Inkwell: Authors and Artists
Joe Flower (bbear) Sat 23 Jun 12 22:10
Sorry for being tardy to reply. That NY Times article is a "must-read." It vividly illustrates the argument for transparence. Uwe Reinhardt is present, whining about how can we put ask "consumers" to make good choices about healthcare when they can't find out how much something costs and is it any good? When the obvious answer, Uwe, is: Help them. Make the insurers be more transparent (they actually consider their payments to be trade secrets), force the providers to post real prices. And put the providers under "common carrier" rules. You ever notice that no matter how many airline tickets some big corporation buys, there are no deals where, say, Google makes all employees fly United, and in return gets tickets at half price? That kind of discounting is illegal in "common carrier" industries such as airlines, trucking, railways, and telecom. There is no "wholesale" and "retail" price. You have to entice customers in other ways, like frequent flier clubs. You could do that in healthcare. It would force providers to establish actual real prices which actually help providers get better at knowing what their cost of doing business is, and where they can provide value in a way that helps them survive. It would force insurers to find other ways to provide value to their customers than by using market power on the providers to give them unreal discounts at the cost of other customers. It would also mean that you could do something like Kayak in healthcare. Need a new hip? Having a baby? Some other predictable unit of major healthcare for which you have to share some of the cost? Put it in right here, just like you put your destination and dates in on Kayak. And, oh, I have insurance from Company X, on plan 3b. Show me all the places around here, how much they cost, how much that will cost _me_, what are there quality ratings and customer scores. Okay, now show me what I would pay if I were willing to travel somewhere else. And so on.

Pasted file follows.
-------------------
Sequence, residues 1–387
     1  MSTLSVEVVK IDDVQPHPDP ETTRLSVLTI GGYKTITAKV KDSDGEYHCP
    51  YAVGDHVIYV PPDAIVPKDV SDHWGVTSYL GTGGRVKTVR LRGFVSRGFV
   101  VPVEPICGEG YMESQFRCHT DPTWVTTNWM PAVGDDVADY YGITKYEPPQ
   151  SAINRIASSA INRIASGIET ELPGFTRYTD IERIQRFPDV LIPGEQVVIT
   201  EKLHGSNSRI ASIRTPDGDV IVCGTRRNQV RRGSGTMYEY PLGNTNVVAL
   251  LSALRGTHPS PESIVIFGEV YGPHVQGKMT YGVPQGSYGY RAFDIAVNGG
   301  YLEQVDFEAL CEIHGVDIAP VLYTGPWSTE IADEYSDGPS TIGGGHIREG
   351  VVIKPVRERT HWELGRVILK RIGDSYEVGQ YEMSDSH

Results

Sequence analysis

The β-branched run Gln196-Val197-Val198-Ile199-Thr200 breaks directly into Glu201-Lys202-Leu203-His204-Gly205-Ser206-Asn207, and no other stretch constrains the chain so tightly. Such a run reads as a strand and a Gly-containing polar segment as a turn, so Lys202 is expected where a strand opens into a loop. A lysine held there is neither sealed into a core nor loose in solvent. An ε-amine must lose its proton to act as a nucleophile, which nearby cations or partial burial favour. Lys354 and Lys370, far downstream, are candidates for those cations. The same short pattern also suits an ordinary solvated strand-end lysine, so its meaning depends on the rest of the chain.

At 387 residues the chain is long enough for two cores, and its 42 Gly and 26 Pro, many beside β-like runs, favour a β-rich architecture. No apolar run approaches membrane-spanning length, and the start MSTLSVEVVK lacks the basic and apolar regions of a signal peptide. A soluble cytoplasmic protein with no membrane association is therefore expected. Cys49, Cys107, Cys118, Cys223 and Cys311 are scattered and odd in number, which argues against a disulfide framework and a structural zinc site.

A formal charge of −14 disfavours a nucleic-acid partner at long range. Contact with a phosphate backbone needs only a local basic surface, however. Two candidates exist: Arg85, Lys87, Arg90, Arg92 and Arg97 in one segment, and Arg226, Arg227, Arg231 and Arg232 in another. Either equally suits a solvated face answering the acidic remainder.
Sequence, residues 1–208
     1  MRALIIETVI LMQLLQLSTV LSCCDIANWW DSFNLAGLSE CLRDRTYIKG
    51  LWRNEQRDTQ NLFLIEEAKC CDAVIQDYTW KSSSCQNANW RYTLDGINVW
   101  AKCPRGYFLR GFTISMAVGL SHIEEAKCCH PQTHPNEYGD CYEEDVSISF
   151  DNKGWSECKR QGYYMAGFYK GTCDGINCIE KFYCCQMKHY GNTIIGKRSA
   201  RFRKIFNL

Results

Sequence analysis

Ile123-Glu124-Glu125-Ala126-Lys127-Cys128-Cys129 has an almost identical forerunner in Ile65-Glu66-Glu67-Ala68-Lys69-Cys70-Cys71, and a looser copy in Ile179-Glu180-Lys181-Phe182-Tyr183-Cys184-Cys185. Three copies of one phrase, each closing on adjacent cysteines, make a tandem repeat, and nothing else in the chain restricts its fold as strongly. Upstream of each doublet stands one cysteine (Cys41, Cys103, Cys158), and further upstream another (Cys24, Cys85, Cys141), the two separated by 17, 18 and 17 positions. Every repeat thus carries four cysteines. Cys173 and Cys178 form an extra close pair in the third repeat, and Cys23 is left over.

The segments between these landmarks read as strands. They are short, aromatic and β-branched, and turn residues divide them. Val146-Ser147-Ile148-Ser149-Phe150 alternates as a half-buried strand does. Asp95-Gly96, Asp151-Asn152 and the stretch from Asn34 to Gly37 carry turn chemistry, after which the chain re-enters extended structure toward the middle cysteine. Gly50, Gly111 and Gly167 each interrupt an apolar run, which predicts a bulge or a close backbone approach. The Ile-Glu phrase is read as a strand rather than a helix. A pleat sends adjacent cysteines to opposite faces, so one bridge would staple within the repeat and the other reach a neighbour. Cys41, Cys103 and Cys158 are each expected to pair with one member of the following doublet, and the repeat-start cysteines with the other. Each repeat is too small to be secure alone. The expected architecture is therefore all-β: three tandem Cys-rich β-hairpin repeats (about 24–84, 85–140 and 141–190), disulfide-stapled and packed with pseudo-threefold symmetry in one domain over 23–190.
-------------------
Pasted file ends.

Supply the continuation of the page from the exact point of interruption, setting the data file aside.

Joe Flower (bbear) Sat 23 Jun 12 22:28
> Evidence-based medicine Jerry, you raise a number of objections to using "evidence-based medicine." There could be errors, there could changes in opinion, it's not flexible enough, insurance companies keep calling things experimental when they are not. This is another example of "anything idea is a bad idea if its done stupidly." And mostly, I don't see this idea being done stupidly. It arises out of the fact that when you survey medicine the way the Dartmouth Group has been doing for two decade, you see massive variations for no reason. One city doing six times as many back surgeries per capita as another, or three times as many cesarean sections, or twice as many hours on a ventilator. People objecting to evidence-based medicine like to bring up complex cases, outliers, and such. But most of this is not about complex, uncertain cases. It's mostly about things for which there is well-established, well-studied medical opinion. It's about, for instance, labor should not be induced before the 39th week of pregnancy just for the convenience of the doctor or the family, or to reduce the anxiety of the mother, because it is hard to know when the 39th week is, and you risk bringing out a child that is really only 36 weeks along, with incompletely formed lungs. And there is no countervailing medical opinion. Yet early induced labor without a medical reason is still too common. Yes, there will be mistakes in attempting to standardize medicine, but they will be mistakes made out in the open, and argued over and studied over by medical scientists. In non-standardized we make massive mistakes all the time, every day, and never even try to find out what the right way is. As for the insurance companies, standardizing medicine is a good bulwark against them claiming something is experimental when it's not. Let the doctors, in their collective scientific wisdom, declare that something is not experimental, but is a reasonable tool available to the clinician and let the insurance companies butt out and pay the bills that they have legally contracted to pay. (Among other things, if insurance companies can interfere in your medical treatment, they need to be made legally liable for medical malpractice suit.)